October 10, 2013 in Nation/World

In brief: Brown signs into law California abortion bill

 

Sacramento, Calif. – Giving California women more access to abortion, Gov. Jerry Brown signed a bill Wednesday that allows nurse practitioners and certain other nonphysicians to perform the procedure during the first trimester of pregnancy.

The governor acted on 32 bills in all, approving measures that will cap drug costs for cancer patients, expand the number of people on CalFresh, the state’s food stamp program, and promote breastfeeding.

Democratic Assemblywoman Toni Atkins introduced the abortion measure because of concern that not enough physicians perform abortions, especially in rural areas, to meet the needs of women seeking to terminate a pregnancy.

“Timely access to reproductive health services is critical to women’s health,” Atkins said in a statement. “AB 154 will ensure that no woman has to travel excessively long distances or wait for long periods in order to obtain an early abortion.”

Opponents of abortion said the new law will subject women to a lower level of medical care.

Plane deicing concerns prompt San Diego stop

San Diego – A Boeing 787 Dreamliner headed to Tokyo was diverted back to San Diego Wednesday because of a possible problem with the aircraft’s deicing system.

Japan Airlines officials told a television station the pilot received an error message for the deicing system. The pilot made the decision to go back to San Diego so repairs could be made.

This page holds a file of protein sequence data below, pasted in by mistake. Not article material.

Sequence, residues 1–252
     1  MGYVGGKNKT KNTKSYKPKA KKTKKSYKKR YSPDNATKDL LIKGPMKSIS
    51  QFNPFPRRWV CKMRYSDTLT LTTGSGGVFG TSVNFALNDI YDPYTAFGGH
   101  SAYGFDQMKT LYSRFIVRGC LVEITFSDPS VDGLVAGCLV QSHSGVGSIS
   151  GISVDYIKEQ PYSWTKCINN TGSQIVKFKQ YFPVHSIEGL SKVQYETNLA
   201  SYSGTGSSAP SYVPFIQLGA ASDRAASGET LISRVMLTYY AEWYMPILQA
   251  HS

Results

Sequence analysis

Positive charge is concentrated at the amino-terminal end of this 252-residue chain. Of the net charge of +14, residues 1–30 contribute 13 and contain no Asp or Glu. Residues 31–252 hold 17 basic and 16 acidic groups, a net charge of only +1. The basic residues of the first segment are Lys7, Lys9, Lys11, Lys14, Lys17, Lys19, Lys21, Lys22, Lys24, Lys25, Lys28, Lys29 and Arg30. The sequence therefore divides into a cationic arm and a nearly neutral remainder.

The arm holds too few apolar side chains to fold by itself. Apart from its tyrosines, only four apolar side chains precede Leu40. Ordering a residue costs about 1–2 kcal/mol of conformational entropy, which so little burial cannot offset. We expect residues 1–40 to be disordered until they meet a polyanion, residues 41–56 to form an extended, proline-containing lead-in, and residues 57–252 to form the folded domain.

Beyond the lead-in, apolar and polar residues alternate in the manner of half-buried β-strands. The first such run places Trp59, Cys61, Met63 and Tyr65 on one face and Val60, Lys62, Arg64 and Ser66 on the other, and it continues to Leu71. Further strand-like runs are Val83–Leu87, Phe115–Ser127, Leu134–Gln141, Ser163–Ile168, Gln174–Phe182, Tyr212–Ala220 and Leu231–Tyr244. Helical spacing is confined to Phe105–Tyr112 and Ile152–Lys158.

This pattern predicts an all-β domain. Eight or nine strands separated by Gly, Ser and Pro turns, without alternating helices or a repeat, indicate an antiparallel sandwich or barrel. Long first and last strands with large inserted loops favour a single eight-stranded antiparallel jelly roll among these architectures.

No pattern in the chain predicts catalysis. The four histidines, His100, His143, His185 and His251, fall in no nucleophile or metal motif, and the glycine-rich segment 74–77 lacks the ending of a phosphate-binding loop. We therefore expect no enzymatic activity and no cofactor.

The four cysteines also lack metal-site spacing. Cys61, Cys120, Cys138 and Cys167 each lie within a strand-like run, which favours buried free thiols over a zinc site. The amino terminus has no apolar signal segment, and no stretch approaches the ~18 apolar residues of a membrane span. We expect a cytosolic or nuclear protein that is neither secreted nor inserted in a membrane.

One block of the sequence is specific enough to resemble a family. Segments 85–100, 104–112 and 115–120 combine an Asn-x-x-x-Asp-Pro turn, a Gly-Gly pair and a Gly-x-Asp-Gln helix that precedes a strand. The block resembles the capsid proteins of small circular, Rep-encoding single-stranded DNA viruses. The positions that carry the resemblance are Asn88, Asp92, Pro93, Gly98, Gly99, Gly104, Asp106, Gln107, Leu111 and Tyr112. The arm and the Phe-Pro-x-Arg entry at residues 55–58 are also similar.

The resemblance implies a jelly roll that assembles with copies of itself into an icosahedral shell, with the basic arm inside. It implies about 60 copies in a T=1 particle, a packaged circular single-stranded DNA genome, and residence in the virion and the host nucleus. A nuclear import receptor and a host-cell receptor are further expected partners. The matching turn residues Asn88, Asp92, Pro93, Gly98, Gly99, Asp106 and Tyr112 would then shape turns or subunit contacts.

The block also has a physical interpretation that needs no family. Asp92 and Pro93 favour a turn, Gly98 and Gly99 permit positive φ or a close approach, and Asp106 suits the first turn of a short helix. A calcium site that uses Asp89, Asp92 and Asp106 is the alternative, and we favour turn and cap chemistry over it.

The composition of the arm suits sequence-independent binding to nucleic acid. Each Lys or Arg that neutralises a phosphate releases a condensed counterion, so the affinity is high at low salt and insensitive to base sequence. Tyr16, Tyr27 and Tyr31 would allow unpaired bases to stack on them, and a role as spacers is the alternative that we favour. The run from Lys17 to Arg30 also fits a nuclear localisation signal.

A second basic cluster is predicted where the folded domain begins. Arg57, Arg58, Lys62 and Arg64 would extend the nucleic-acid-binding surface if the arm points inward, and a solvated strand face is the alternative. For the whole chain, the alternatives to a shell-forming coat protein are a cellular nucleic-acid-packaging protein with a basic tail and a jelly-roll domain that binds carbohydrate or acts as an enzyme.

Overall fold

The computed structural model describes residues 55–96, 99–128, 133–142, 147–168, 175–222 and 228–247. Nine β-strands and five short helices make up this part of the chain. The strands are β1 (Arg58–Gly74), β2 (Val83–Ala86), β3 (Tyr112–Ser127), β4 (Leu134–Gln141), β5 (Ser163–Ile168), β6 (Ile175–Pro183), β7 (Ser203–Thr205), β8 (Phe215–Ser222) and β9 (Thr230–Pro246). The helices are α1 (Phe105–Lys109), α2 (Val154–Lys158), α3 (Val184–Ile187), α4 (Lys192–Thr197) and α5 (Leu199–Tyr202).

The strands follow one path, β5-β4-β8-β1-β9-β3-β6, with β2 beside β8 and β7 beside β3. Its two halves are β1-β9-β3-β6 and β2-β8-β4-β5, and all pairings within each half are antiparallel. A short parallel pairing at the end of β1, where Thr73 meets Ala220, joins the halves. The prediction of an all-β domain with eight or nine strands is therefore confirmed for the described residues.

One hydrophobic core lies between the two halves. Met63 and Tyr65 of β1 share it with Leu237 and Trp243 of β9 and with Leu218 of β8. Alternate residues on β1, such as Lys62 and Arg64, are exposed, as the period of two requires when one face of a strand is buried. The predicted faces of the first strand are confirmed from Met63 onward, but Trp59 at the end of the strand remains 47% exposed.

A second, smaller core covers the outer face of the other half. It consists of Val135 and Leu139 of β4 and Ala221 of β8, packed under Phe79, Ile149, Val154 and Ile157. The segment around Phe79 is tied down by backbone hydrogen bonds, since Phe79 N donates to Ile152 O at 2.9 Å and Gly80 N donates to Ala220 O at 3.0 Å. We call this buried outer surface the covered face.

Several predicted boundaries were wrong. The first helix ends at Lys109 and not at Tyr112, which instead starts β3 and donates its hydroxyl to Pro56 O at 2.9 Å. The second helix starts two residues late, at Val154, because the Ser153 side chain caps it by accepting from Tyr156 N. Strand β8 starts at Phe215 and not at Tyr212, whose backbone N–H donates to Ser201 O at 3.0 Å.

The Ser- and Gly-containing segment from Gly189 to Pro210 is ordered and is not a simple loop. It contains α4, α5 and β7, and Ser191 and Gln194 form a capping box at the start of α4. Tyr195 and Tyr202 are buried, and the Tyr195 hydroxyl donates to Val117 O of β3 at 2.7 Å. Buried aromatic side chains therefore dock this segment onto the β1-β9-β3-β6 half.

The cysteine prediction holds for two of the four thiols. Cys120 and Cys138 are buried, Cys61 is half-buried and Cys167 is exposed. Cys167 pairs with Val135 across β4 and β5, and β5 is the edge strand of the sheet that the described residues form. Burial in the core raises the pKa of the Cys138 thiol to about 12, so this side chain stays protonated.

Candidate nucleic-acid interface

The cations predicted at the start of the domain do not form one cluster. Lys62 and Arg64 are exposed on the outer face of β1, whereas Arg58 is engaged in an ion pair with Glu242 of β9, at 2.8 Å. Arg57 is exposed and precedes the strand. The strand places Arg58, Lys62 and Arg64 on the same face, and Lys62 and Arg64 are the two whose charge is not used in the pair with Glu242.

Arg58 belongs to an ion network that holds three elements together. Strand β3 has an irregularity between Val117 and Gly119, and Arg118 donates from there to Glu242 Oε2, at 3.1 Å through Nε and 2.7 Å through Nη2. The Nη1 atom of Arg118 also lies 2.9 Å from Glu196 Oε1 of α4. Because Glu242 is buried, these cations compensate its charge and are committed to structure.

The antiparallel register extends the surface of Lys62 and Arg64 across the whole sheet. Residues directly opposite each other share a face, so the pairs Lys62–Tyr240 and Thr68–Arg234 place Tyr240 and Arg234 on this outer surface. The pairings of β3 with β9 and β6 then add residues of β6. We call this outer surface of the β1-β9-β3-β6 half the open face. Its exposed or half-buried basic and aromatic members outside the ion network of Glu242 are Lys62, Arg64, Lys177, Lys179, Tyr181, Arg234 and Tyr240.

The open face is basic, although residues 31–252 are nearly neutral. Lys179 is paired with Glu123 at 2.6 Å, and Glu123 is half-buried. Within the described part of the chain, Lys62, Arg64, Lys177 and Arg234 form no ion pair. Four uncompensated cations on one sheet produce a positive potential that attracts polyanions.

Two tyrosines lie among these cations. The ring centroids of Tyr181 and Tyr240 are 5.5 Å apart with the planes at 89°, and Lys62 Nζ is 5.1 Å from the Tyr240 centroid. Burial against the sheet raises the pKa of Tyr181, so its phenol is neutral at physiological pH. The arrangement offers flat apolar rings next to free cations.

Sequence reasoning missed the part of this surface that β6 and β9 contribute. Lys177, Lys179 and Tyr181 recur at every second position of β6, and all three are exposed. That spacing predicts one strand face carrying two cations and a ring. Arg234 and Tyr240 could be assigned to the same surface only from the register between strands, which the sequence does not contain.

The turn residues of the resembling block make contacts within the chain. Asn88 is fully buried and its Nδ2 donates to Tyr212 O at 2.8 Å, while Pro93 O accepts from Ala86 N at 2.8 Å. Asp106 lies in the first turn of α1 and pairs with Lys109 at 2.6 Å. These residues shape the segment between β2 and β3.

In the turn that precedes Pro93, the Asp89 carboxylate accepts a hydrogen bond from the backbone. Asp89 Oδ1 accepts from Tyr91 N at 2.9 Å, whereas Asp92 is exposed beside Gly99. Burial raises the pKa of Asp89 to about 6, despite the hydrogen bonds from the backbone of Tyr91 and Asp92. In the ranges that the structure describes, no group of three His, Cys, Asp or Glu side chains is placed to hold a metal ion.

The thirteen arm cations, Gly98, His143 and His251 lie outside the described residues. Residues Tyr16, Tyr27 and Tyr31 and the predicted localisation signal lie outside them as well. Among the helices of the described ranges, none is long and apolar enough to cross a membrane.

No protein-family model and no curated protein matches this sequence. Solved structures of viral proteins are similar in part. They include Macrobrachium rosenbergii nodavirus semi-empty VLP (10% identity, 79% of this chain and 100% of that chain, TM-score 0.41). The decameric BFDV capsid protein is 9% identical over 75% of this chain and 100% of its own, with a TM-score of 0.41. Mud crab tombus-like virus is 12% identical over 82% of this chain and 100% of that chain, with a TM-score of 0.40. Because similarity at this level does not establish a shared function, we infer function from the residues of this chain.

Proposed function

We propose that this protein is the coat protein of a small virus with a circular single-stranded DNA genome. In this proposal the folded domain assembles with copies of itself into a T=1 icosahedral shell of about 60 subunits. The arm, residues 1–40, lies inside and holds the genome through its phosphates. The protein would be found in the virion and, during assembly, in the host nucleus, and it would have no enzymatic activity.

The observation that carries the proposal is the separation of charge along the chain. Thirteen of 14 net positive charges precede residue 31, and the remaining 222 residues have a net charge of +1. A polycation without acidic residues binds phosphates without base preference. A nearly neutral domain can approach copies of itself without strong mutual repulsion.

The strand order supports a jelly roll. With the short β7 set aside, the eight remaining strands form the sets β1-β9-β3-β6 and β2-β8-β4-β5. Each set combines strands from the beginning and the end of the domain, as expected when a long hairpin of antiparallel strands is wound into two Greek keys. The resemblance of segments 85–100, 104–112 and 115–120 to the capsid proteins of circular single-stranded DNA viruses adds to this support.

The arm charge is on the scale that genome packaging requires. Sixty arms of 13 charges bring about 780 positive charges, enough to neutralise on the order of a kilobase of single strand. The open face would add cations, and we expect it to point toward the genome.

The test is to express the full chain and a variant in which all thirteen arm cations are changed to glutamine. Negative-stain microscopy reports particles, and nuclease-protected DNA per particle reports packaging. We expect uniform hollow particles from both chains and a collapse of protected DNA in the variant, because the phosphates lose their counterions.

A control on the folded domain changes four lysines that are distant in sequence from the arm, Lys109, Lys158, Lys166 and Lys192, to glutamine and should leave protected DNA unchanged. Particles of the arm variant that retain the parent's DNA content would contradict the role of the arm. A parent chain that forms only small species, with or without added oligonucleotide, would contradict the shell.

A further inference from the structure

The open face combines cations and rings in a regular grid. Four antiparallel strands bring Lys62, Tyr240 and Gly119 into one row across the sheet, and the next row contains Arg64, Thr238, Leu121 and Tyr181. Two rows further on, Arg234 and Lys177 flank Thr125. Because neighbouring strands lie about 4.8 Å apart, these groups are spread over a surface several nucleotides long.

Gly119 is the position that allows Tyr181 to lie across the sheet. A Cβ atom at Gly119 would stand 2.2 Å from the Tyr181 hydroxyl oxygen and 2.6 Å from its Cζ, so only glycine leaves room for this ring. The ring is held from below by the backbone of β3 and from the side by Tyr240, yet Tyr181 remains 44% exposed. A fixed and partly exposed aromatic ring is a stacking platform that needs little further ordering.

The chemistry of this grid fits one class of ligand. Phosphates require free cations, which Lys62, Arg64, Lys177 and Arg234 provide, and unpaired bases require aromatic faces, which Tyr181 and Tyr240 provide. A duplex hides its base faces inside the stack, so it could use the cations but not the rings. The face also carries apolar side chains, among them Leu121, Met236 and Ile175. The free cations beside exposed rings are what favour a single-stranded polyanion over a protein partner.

The Dreamliner has suffered a few glitches, most notably overheating lithium-ion battery systems that caused the planes to be grounded worldwide for three months this year. Boeing redesigned the battery systems to the satisfaction of U.S. aviation regulators.

Longtime reviewer Kauffmann dies at 97

New York – Stanley Kauffmann, the longtime film and theater critic of the New Republic who in the 20th century helped define movie reviews as an intellectual form, has died. He was 97.

Kauffmann died from complications of pneumonia in New York. A tribute will be held honoring his work but there will be no funeral, per his request, a New Republic spokesman said Wednesday.

Over his 54 years at the magazine, Kauffmann assessed innumerable cinematic masterpieces and helped bring a number of seminal directors to light, particularly the New Hollywood filmmakers of the 1970s and European upstart auteurs such as Francois Truffaut and Jean-Luc Godard.


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